What is the link between racers, fans, and businesses potentially involved with sponsorship in racing? That is the link that racers need to determine when looking to secure funds from any business. It may be an obvious user-defined link such as a racing vendor supporting a car or a home improvement center sponsoring a NASCAR team. The sponsor is looking to get its name in front of a specific set of customers and associate the company name with racing. It is an act of associating multiple passions with a need and a name.

At the highest levels of our sport the linkage between the sponsor, the driver, and even the team or organization is inextricable. When you hear the name Jeff Gordon one of the first things you think of is DuPont, or possibly Pepsi, and with Tony Stewart the immediate link is with Home Depot. These businesses have recognized and developed a link between their customers and the racers, so there is a clear and distinct linkage between these teams, drivers, and the sponsors.

This does not happen by accident. It takes work and a long term relationship between the sponsor, the racers, and the team to get this kind of recognition. The value to the business is difficult to place a dollar value on, but it is measured and can be determined right down to the penny. There are numerous businesses that track just how often a product is mentioned and the amount of time the product is seen within the media, including TV, radio, print, and movies, to name a few.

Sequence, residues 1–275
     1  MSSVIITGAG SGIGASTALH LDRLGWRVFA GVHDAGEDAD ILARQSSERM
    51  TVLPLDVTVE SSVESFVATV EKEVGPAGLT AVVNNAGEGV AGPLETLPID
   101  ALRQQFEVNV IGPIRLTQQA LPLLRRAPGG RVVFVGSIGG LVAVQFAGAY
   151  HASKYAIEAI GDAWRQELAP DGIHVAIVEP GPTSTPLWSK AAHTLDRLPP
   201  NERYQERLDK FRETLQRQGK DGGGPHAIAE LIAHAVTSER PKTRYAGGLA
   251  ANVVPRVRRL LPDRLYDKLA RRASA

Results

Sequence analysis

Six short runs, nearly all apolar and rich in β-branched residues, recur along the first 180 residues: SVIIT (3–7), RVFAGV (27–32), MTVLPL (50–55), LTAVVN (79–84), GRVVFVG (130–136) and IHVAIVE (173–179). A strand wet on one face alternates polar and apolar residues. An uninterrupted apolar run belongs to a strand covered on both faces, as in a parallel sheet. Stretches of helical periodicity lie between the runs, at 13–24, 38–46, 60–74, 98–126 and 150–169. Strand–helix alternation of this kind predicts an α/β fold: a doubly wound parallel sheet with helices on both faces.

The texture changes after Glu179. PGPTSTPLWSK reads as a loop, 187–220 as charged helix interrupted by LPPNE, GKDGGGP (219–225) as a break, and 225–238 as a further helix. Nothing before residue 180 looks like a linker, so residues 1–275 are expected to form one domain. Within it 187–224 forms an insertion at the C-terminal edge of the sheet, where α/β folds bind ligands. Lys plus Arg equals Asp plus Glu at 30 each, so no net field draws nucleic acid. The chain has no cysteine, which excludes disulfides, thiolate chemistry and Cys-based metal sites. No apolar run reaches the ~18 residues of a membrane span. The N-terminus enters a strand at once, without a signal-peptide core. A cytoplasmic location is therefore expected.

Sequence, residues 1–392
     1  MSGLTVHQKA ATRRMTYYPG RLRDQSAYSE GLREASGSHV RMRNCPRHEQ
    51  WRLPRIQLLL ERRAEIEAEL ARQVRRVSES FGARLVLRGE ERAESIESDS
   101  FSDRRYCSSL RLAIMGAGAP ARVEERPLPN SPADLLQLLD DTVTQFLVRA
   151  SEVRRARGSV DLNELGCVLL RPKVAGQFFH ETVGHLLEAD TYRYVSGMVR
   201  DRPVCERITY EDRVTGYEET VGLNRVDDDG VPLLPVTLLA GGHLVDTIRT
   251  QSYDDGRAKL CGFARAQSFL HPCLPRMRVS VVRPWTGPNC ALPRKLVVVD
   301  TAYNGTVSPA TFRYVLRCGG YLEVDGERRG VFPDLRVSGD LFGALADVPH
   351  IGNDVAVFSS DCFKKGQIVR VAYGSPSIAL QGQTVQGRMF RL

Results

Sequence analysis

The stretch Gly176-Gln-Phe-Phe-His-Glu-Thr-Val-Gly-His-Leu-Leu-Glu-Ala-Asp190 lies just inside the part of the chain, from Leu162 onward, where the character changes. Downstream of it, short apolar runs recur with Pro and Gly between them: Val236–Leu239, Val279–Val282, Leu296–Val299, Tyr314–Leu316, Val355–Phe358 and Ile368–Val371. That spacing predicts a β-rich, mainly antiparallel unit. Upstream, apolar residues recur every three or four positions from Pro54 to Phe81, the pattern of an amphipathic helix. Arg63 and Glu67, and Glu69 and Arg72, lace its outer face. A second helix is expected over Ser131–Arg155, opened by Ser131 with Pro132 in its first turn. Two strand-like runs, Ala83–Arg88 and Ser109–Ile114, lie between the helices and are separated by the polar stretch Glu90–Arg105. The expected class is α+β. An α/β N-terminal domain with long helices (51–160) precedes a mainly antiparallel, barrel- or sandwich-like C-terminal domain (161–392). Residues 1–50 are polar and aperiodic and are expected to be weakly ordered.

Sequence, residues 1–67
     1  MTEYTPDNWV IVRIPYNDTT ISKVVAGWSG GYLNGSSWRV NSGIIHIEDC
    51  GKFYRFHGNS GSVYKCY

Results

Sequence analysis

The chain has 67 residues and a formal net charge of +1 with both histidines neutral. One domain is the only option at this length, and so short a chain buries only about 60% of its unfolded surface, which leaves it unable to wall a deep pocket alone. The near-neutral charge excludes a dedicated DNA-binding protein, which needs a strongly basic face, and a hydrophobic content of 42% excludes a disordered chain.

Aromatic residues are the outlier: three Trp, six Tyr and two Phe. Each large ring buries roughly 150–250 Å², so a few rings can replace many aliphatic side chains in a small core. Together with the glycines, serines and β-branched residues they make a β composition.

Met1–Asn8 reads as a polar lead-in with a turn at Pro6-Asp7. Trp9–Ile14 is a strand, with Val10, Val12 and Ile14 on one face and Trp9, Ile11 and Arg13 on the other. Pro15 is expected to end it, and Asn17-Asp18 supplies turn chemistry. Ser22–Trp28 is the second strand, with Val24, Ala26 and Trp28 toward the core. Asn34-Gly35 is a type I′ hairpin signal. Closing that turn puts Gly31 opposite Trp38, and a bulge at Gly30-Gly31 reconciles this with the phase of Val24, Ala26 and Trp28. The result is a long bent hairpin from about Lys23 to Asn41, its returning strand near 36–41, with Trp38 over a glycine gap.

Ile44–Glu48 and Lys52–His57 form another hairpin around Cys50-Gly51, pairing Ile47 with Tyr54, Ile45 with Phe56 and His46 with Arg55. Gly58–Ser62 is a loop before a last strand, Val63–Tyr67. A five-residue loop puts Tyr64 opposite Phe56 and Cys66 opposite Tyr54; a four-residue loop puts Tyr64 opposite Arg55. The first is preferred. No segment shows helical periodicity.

It does not take a rocket scientist to understand that it is difficult to field even a local Saturday night racecar solely out of the pocket of the racer. Even if you were to win every week, the purses at the local dirt track or paved oval just could not support the program. Without some additional funding from friends, family or a sponsor of some type, the show would be much smaller or non-existent.

So, how does the local Saturday night racer get a sponsor and the funds to help run his team? The tried and true way is to develop a sponsorship package-a document that defines the team in a favorable light. This document, along with an impassioned pitch, is supposed to get the potential sponsor to see the light and give the racer a very favorable financial package.

The majority of sponsorship packages are trying to sell the prospective sponsor on the driver and the car. The problem is that most racers are trying to sell something when in reality you are entering into a partnership with the sponsor. For the package to really work where both parties benefit, they need to work together. It is much more than just writing a check. Let's examine the content from a typical sponsorship package and see what many drivers are showing to potential sponsors. The document will often include text and photos that delineate:

• Historical points that revolve around a win/loss record of the driver and/or the team
• A profile of the driver
- Some personal information
- Marital status
- Education
- Likes and dislikes
- Length of driving career
- Experience level and types of cars raced previously and the success in each prior division
• A profile of the team and the members and possibly some team history, often with pictures and a profile of the team members in uniforms.
• Past or current championships that the driver has won or the current points battle and how the driver and team are doing
• The look of the car in its current state.
• Pictures of the tow rig and trailer.
• A cost breakdown for the weekly needs of the team, although rarely a budget of weekly costs are included.

The document may also show pictures of the racecar in the potential sponsor's logo and painted in the sponsor's colors. This is easily done with a digital photo and good photo manipulation software.